We’re all familiar with the mail-order bride. Now, the emergence of an imported mail-order husband business of sorts has emerged by way of Thailand.
Thai women who grow up “always dreaming of marrying a foreigner” are bought as brides by Caucasian men who, by Western standards, are not particularly wealthy. The surprising part is that rather than take them back to their native countries, the men choose to settle in Udon Thani, one of the poorest regions of the country, where they can provide a comfortable life for both their wives and their families.
According to this recent New York Times article, these foreign husbands have expanded to a population of 11,000 in the region. They are usually retirees in their 50s, 60s or even 70s, living off their pensions. Needless to say, these men are often much older than their Thai brides and are attracted to the “low cost of living, slow pace of life, and exotic reputation of Thai women.”
“Age is not a factor here,” said Joseph Davis, a 54-year-old American retired Naval officer who married a 30-year-old Thai woman, Nui, after two marriages which ended in divorce. “In America if I marry a girl who is 24 years younger than me, all you’re going to get is eyes and bad talk, bad gossip,” said Davis. “Here it’s not an issue. It happens every day.”
Most disturbingly, Davis seems to enjoy the fact that women here are less “strong-headed and opinionated” than American women and easier to control.
“Thai women are a lot like women in America were 50 years ago… the [American] women now know they are equal, so the situation is not as relaxed and peaceful as it is between an American and a Thai lady.”
I can’t help but feel sorry for his wife, but she seems blissfully unaware of what he says most of the time.
This “relaxing and peaceful” lifestyle includes the fact that language is an obvious barrier. Most foreign husbands speak little to no Thai, forcefully eliminating any communication about conflicts or disagreements which may arise.
Some Thai women openly acknowledge that the marriage is less about emotional love and more about social mobility. “I didn’t like him that much, but he really liked me,” said one of the wives about her foreign husband when she met him. Now she says she is happy because she doesn’t have to work and can stay at home and care for her baby.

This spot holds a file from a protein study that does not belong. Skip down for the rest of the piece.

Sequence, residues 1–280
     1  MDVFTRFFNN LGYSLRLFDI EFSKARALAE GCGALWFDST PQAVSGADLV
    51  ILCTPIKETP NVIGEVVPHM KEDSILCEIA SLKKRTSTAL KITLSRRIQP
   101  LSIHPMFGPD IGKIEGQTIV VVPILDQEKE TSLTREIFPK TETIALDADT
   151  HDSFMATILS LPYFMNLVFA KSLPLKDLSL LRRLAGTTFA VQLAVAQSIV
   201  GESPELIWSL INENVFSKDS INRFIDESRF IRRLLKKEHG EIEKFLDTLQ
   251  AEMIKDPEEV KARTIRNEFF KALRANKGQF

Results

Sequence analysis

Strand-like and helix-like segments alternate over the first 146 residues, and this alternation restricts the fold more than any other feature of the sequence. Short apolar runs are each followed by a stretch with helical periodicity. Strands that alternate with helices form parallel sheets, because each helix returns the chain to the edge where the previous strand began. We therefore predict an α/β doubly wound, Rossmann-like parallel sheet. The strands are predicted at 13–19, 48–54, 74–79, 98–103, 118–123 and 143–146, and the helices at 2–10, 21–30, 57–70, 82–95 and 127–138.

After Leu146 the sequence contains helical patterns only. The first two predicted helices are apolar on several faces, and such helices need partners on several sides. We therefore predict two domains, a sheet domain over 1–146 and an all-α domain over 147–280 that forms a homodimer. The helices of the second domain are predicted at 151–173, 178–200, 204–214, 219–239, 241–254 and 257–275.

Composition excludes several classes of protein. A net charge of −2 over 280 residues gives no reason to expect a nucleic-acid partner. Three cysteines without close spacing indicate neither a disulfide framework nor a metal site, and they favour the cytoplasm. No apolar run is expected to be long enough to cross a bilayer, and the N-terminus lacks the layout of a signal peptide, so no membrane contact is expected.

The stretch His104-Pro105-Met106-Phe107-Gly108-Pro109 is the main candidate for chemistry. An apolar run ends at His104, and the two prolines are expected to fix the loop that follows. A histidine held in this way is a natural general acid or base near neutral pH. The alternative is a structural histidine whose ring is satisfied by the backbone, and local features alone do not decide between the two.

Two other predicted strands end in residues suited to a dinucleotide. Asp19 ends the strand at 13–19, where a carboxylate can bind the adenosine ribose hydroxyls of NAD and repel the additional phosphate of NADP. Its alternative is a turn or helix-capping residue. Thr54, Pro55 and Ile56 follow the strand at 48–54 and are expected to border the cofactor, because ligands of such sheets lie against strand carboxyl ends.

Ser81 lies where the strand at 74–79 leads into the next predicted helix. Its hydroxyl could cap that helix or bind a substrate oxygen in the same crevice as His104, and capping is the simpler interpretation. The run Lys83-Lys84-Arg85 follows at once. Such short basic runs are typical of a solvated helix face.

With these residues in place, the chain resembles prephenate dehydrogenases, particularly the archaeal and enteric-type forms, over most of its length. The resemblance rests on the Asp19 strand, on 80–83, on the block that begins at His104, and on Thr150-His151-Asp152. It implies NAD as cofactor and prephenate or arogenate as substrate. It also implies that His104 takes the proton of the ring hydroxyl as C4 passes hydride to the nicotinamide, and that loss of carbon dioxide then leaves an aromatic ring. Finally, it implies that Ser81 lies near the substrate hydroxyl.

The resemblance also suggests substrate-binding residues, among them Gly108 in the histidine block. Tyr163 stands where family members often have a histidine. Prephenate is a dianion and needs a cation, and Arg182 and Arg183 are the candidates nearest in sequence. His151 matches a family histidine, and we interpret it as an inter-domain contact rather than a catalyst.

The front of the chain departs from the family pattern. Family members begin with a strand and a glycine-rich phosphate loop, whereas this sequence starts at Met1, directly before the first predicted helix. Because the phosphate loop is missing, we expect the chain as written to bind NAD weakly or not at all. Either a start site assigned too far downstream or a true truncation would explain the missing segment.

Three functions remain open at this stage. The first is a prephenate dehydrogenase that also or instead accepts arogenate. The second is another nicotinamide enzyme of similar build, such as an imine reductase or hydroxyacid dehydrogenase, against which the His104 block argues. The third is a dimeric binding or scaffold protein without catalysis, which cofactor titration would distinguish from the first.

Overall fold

Both parties seem to be remarkably transparent about the benefits and trade-offs accompanying the arrangement, which is perhaps why these marriages are likened to business transactions. Thai women are in it for the money and socieconomic status, coupled with financial security for their extended families. The men who marry them pay thousands of dollars in dowry to support their families. What do these foreign husbands gain? A better lifestyle compared to the average Thai standard of living, and an emotional connection with (and superior power over) an “accomodating and affectionate” subservient wife – allegedly more so than if he married a woman if his own age and nationality in his native Western country.
“For some ladies it is just money, money, money,” said Prayoon Thavon, manager of international services at Panyavejinter Hospital in Udon Thani. “Getting married has become a business more than love. People want to improve their social status. Sometimes these ladies spend the husband’s money, use it all, then he’s cut out. There are many cases like that.”
Although these intentions are by no means kept secret, half of these marriages still fail. But it’s not like women marrying men for money is a new idea. That actually mirrors the 50% divorce rate in the U.S., so how radical is this idea anyway? Or is this transactional approach to marriage a win-win situation for both parties?